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January 1, 1998

Financial War Chest for Washington's Political Dogfight:STA's Political Action Committeeby

By John A. Byrne

Also in this article

  • Financial War Chest for Washington's Political Dogfight:STA's Political Action Committeeby

At the 1996 Republican National Convention in San Diego, an official from Sherwood Securities personally active in the Grand Old Party made an astonishing discovery a lobbyist for American florists was circling delegates with a million dollar smile. Oh, boy.

Dennis Marino, president of the Jersey City-based market maker, does not tell the story in flowery tones, but in a voice filled with horror at the thought of how another group traders are amateurs of checkbook diplomacy inside Washington's corridors of power.

Next time the government repeals some special tax on a bunch of red roses, perhaps that million-dollar smile is the reason. But Marino is not amused and continues his story:

"He [the official] was having drinks and ran into a young lady, the lobbyist for American florists. They chatted awhile and she told him how the florists raised one million dollars in political contributions in the previous twelve months. One million dollars."

Marino mentions this almost religiously, he says, whenever he talks to traders about political action committees (PAC), and for good reason he's now chairman of the Security Traders Association's fledging PAC, the STA Political Action Committee (STAPAC). STA President John Tognino and Laura Cooley are STAPAC's president and treasurer, respectively. (Cooley serves as a strategic consultant to the STA.)

Harnessing Support

Tognino credits Marino for harnessing support among STA members. "When Dennis became STA chairman, one of his priorities was starting a PAC. He said enough was enough, we needed to be active in Washington," Tognino said, referring to Marino's 12-month stint as STA chairman that ended last October.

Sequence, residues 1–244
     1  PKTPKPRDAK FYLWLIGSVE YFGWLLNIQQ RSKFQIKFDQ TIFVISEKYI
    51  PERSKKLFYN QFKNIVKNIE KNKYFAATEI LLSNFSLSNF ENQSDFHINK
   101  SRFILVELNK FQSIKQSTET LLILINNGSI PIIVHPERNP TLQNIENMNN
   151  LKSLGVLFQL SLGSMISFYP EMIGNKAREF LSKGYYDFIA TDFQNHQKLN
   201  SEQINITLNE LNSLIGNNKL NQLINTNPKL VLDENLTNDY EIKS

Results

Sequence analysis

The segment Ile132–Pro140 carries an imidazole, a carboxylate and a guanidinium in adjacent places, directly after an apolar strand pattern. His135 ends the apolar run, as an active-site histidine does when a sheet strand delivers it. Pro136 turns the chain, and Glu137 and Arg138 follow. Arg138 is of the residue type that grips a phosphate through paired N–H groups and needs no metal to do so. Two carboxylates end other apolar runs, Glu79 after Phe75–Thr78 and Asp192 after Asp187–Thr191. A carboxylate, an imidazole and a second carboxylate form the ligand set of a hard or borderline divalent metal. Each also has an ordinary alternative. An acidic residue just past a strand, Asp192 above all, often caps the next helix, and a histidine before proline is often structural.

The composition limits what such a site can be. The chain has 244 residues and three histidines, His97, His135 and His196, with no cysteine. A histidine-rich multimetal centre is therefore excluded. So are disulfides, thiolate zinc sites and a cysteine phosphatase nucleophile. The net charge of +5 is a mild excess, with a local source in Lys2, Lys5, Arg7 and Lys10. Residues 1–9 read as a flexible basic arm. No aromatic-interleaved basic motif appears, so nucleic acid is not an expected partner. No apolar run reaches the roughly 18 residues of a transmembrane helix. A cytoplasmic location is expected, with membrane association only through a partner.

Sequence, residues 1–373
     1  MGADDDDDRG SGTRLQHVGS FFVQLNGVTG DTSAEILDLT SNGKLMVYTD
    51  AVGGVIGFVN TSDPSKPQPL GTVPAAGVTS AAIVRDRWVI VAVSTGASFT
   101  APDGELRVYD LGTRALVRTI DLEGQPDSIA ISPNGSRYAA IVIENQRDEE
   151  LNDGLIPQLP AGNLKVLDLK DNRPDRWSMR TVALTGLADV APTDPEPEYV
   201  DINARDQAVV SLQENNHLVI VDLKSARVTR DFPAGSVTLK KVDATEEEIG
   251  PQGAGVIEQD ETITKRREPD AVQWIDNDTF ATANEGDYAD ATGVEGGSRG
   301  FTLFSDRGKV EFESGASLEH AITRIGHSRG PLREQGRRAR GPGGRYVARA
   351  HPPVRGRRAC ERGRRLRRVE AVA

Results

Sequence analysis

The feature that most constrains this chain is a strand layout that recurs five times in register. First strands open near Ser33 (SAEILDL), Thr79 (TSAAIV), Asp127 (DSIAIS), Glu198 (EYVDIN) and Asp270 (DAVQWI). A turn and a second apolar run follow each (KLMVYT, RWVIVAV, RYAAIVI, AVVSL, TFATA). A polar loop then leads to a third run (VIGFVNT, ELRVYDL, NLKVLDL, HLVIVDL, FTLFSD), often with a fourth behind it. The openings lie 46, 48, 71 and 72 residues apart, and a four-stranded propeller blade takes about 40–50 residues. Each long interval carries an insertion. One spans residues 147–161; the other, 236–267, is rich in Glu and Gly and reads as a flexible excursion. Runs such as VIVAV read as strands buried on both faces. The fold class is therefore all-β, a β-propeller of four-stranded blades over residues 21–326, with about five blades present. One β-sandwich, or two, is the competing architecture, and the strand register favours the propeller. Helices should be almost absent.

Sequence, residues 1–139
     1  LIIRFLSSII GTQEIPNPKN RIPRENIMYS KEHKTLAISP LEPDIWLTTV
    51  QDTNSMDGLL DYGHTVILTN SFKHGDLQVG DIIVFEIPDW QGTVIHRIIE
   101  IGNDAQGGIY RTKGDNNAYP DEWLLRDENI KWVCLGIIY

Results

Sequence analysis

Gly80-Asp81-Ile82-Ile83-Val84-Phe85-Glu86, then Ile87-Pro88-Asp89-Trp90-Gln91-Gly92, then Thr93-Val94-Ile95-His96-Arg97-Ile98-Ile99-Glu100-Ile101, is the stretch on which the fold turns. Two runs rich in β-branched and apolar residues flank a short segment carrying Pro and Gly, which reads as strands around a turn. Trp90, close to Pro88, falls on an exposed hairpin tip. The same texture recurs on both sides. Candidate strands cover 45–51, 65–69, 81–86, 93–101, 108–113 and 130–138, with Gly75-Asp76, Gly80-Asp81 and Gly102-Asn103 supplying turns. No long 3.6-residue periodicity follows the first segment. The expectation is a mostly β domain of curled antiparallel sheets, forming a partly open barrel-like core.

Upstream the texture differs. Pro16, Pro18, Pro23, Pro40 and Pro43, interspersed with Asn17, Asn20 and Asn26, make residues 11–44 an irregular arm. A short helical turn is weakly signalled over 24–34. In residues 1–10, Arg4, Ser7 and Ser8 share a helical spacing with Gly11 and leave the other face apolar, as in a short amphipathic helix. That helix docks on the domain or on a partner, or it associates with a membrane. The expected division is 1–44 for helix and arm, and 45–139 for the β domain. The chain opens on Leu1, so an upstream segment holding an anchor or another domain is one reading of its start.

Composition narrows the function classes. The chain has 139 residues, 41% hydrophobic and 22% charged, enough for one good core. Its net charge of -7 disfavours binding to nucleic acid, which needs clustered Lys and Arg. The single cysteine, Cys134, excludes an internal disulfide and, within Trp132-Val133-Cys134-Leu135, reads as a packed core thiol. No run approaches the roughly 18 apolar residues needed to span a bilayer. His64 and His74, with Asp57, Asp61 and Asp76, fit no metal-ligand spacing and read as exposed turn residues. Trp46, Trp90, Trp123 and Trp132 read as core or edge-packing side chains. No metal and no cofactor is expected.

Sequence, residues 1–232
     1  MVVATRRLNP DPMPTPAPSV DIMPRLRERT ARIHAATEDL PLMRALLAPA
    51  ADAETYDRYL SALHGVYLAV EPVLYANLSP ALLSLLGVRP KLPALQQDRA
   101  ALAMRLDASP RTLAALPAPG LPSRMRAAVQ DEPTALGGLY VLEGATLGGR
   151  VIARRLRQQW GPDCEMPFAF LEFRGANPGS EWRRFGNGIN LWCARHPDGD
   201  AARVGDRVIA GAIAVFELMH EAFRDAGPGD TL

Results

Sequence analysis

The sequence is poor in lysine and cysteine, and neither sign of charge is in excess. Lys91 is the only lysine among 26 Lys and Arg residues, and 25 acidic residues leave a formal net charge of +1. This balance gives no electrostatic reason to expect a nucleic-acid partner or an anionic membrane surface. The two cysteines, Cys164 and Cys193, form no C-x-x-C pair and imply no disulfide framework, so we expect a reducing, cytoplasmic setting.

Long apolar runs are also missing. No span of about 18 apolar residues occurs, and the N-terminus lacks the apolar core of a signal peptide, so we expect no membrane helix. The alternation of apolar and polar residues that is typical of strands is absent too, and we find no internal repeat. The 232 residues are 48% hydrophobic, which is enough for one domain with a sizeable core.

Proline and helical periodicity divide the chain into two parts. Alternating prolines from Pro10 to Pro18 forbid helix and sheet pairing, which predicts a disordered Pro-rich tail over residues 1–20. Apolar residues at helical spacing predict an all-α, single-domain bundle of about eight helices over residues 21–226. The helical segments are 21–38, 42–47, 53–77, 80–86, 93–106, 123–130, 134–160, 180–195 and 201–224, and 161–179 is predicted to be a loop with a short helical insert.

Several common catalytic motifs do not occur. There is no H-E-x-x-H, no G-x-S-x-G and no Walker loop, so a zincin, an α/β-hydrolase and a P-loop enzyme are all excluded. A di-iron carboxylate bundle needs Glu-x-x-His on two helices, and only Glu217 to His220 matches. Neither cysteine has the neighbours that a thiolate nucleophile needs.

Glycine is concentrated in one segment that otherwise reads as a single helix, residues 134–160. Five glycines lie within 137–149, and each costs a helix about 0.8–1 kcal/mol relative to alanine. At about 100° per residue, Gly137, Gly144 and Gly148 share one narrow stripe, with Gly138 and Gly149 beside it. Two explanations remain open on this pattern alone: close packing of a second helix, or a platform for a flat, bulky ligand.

Marino's drive initially resulted in the formation of a committee to look at the business of PACs. The committee was headed by Andy Brooks, an activist on the STA's Institutional Committee and head of trading at T. Rowe Price in Baltimore.

Now just twelve-months old, STAPAC has a serious purpose, and that is to support congressional candidates that the STA believes hold a balanced view on securities market-structure and policy.

So far, STAPAC has raised a little more than $100,000, contributing some of that money in turn to five Democrats and four Republicans on Capitol Hill.

The five Democrats are Rep. Tom Manton (D-N.Y.); Rep. John Dingle (D-Mich.); Rep. Tony Hall (D-Ohio); Rep. Dianna DeGette (D-Colo.); and Rep. Paul Kanjorski (D-Pa). The four on the Republican side are Sen. Alphonse M. D'Amato (R-N.Y.); Sen. Phil Gramm (R-Texas); Rep. Rick White (R-Wash.); Rep. Michael Oxley (R-Ohio); and Rep. Robert Bennett (R-Ohio).

"It was a bit funny, and yet it was a bit frightening," said Marino of the San Diego epiphany. "When you think about it, if an industry like the florists believes it is important enough to have political representation and can raise one million dollars, it shows how anemic our efforts have been in this business."

Highly Respected

Marino is one of the most highly-respected executives in the Wall Street equity-trading business, and he speaks like he is fighting for the lives of his professional colleagues, and maybe he is.